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Chapter 5

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Chapter 5

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  1. Chapter 5 The Working Cell

  2. Cool "Fires" Attract Mates and Meals • Living cells put energy to work by means of enzyme-controlled reactions • The firefly's use of light to signal mates results from a set of such reactions • The reactions occur in light-producing organs at the rear of the insect • Females of some species produce a light pattern that attracts males of other species, which the female eats

  3. 5.1 Energy is the capacity to perform work • Energy is defined as the capacity to do work • Work is a force acting on an object that causes the object to move • Life depends on the fact that energy can be converted from one form to another

  4. The two fundamental types of energy • Kinetic energyis the energy of movement • e.g. light, heat, electricity, moving objects • Potential energyis stored energy that is dependent on an object's location or structure • e.g. chemical energy in bonds, electrical charge in a battery, a rock at the top of a hill • The most important potential energy for living things is the chemical energy stored in molecules

  5. Chemical energy is the energy that powers life • The objects that move are electrons, which reposition during chemical reactions • Potential energy can be converted to kinetic energy

  6. 5.2 Two laws govern energy transformations • Thermodynamics is the study of energy transformations • The First Law of Thermodynamics • Energy can be changed from one form to another but cannot be created or destroyed

  7. The Second Law of Thermodynamics • Energy doesn't tend to stay concentrated in a small space; it tends to flow toward becoming dispersed if it can • Ex. electricity in a battery, power line or lightning, wind from a high pressure weather system, air compressed in a tire, all heated objects, loud sounds, or boulders that are high up on a mountain. • Energy transformations increase disorder, or entropy, and some energy is lost as heat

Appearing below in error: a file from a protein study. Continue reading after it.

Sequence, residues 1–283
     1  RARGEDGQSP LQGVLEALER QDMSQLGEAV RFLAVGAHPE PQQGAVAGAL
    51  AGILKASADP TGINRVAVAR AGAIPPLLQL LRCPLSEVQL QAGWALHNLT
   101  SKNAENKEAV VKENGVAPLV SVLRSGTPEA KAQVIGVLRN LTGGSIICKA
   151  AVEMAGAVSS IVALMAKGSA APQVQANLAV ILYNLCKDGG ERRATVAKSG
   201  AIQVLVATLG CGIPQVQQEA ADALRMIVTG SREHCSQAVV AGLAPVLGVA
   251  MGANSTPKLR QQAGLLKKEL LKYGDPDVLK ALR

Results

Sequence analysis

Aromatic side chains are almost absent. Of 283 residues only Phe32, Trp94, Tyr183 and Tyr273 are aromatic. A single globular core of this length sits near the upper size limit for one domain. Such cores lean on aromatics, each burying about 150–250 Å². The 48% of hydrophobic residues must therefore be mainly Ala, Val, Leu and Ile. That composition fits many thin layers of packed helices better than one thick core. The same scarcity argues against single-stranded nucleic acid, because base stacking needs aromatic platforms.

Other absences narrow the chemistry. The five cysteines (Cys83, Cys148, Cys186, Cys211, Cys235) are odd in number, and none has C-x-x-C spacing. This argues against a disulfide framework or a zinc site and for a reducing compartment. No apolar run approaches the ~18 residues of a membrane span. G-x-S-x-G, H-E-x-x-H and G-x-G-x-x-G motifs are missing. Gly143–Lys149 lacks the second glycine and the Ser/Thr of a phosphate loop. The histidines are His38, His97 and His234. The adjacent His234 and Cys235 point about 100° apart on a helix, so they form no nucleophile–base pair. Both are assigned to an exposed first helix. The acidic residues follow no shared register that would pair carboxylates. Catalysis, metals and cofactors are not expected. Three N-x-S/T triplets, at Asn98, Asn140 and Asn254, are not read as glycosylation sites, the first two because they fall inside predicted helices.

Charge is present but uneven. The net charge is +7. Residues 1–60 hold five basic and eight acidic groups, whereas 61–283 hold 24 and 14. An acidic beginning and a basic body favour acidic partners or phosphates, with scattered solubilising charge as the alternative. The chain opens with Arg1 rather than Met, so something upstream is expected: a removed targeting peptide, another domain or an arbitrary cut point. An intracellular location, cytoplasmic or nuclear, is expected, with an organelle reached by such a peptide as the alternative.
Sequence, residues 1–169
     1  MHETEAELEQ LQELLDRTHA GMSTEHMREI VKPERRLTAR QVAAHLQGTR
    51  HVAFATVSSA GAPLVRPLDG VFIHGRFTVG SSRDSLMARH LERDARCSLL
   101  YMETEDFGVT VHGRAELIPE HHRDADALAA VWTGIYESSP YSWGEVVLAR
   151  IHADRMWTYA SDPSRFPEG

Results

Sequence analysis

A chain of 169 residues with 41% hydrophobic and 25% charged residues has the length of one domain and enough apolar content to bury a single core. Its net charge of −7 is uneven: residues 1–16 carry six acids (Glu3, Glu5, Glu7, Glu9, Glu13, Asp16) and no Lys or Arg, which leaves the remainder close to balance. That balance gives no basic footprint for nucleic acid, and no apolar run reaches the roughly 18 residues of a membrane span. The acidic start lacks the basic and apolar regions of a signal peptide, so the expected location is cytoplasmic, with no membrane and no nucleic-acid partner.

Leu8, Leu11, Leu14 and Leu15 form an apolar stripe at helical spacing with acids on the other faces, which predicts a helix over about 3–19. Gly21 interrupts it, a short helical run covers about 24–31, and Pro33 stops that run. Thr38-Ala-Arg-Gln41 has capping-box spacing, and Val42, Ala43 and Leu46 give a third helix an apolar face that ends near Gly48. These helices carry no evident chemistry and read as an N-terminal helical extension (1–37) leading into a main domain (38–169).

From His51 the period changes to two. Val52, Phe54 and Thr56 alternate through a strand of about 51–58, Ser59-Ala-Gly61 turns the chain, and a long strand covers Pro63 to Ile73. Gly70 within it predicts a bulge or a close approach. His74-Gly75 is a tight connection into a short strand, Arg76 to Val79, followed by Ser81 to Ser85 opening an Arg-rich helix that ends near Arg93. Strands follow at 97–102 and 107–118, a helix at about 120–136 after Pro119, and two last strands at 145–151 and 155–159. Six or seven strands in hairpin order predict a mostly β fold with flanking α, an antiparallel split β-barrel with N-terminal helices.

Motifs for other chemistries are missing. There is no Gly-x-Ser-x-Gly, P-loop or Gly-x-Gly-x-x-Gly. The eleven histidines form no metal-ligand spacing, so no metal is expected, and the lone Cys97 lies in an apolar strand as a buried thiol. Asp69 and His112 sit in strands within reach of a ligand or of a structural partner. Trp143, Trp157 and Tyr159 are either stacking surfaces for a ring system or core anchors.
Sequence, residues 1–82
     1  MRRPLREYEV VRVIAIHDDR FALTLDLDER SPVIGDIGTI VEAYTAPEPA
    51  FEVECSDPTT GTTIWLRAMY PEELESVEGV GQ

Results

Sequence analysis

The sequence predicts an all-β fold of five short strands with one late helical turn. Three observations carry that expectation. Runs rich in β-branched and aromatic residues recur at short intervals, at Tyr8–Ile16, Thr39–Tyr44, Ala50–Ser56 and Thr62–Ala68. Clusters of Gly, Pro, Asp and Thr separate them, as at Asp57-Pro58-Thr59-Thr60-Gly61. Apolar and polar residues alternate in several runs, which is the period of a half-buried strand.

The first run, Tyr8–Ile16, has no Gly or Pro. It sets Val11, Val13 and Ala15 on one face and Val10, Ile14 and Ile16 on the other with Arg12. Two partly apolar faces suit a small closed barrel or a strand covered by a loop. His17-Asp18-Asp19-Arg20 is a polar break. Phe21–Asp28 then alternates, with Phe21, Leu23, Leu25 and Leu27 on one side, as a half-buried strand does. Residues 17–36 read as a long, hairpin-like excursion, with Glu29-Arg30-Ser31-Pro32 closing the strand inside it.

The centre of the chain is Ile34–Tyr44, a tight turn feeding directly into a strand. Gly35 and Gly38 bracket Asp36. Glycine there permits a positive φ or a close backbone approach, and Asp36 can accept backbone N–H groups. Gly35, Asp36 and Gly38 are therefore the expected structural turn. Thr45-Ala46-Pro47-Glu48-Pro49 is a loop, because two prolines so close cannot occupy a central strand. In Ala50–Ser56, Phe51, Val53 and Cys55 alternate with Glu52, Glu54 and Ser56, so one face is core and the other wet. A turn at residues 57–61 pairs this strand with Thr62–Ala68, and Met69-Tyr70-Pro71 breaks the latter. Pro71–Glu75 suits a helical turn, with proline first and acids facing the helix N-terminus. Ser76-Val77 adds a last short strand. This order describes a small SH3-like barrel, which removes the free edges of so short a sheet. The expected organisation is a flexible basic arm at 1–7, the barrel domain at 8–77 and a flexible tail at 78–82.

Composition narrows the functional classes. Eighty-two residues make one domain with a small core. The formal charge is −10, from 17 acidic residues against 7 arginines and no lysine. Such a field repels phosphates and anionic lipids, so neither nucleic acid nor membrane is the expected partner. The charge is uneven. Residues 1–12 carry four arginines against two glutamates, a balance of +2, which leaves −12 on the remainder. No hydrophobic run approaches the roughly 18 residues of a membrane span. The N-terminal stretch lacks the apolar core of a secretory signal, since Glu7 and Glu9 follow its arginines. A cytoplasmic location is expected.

8. All these different kinds of energy spread out if there's a way they can do so.

  9. The Laws of Thermodynamics Availability and usefulness of energy: • The amount of useful energy decreases when energy is converted from one form to another (second law of thermodynamics) • Entropy (disorder) increases

  10. LE 5-2b Heat Chemical reactions Carbon dioxide Glucose ATP ATP Water Oxygen Energy for cellular work

  11. Energy of Sunlight Living things must gain external energy in order to counteract the increase in their entropy

  12. 5.3 Chemical reactions either store or release energy • Endergonic reactions (stores energy) • Require an input of energy from the surroundings • Yield products rich in potential energy • Example:

  13. LE 5-3a Products Amount of energy required Energy required Potential energy of molecules Reactants

  14. Exergonic reactions • Release energy • Yield products that contain less potential energy than their reactants • Examples: cellular respiration, burning

  15. LE 5-3b Reactants Amount of energy released Energy released Potential energy of molecules Products

  16. Cellular respiration An “Exergonic Reaction” Heat Chemical reactions Carbon dioxide Glucose ATP ATP Water Oxygen Energy for cellular work

  17. Coupled Reactions • Cells carry out thousands of chemical reactions, which constitute cellular metabolism • Energy coupling uses energy released from exergonic reactions to drive endergonic reactions

  18. The exergonic and endergonic parts of coupled reactions often occur at different places within the cell Energy-carrier molecules are used to transfer the energy within cells

  19. ATP Adenosine triphosphate (ATP) is the most common energy carrying molecule